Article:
City of Glasgow of 1850 established that steamships could operate on the Atlantic without subsidies.

John also hired a young business partner, William Inman, to operate the linen shipping business. In 1850, Inman persuaded John and his brothers to form the Liverpool and Philadelphia Steamship Company and buy an advanced new ship, the SS City of Glasgow. She proved profitable because her iron hull required less repair and her screw propulsion system left more room for passengers and freight. The ship's moderate speed also considerably reduced coal consumption.[2]

In 1852, Richardson's steamship line broke new ground by transporting steerage passengers under steam. Richardson was concerned about the poor conditions experienced by immigrants travelling to America after the famine. From the beginning, he provided better steerage quarters and adopted the recommendations of a Parliamentary Committee to provide cooked meals to immigrants. Because of his opposition to war, in 1855 Richardson sold his interest in the firm to Inman after Inman chartered ships to the French during the Crimean War. The Inman line emerged after the war as one of the major steamship firms on the Atlantic and ultimately became a part of the American Line.[2]

Richardson was also in the chemical fertiliser business. In 1855, he took over a bone-crushing business in Belfast and converted it to produce chemical fertiliser. By the 1880s, the firm manufactured over 6,000 toms annually. The company was sold after Richardson's death,[1] but retained his name until the company closed in 2002.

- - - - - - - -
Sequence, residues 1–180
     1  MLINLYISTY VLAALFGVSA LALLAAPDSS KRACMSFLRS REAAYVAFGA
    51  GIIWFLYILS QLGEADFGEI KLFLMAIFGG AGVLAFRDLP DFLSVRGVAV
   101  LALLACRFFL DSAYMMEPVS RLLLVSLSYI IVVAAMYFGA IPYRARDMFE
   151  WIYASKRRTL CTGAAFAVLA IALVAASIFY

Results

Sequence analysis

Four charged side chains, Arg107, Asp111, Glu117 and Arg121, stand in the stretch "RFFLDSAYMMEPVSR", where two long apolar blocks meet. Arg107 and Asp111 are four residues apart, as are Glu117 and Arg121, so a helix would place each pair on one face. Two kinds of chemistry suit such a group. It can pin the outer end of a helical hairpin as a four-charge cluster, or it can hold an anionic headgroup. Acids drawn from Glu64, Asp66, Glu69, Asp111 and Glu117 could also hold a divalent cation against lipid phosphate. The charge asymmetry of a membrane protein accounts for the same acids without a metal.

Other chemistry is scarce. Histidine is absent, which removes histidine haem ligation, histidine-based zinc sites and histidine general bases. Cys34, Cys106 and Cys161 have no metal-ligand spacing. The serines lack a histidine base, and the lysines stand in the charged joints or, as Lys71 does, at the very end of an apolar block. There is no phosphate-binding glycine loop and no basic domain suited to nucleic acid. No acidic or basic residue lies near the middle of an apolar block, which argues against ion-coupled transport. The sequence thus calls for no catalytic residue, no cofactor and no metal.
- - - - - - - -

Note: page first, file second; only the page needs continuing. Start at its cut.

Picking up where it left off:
In 1863, John purchased his brothers' interests in the linen manufacturing business and reorganised the firm as the Bessbrook Spinning Company.[3] At that time, the production of linen was booming because the American Civil War cut off cotton supplies to British manufacturers. In the first two years, the company's annual profits rose from just over 8,000 pounds to over 41,000 pounds. Eventually 3,000 people worked for Richardson in Bessbrook and its satellite factory at Craigmore.[1]

Later life[edit]

Richardson was a strong advocate for public education. At his insistence, a public school was established in Bessbrook that educated children of all religions together. In 1861, John testified before the Clarendon Commission on this issue which ultimately resulted in the adoption of the Public Schools Act in 1868.[1]

John Richardson turned down a Baronetcy, a reward for his good works, due to his belief in equality.[9] His eldest son by Helena Grubb, J. Nicholson Richardson, was Liberal Member of Parliament for Armagh.[3] His great-nephew was Sir Joseph Barcroft, whose family home, The Glen, Newry, was purchased by Richardson for the Barcrofts.

References[edit]

  1. ^ a b c d e f g h i j k "John Grubb Richardson". Retrieved 3 August 2013. 
  2. ^ a b c Gibbs, Charles Robert Vernon (1957). Passenger Liners of the Western Ocean: A Record of Atlantic Steam and Motor Passenger Vessels from 1838 to the Present Day. John De Graff. pp. 112–124. 
  3. ^ a b c d e "The Richardsons of Bessbrook". Retrieved 4 August 2013. 
  4. ^ a b Grubb, Geoffrey Watkins (1972). The Grubbs of Tipperary. Mercer Press. 
  5. ^ County Down History
  6. ^ Banbridge, Newry & Mourne
  7. ^ Maritime History
  8. ^ Kelly, John (2012). The Graves are Walking. Henry Holt and Company. 
  9. ^ Richardsons in Scotland and Ireland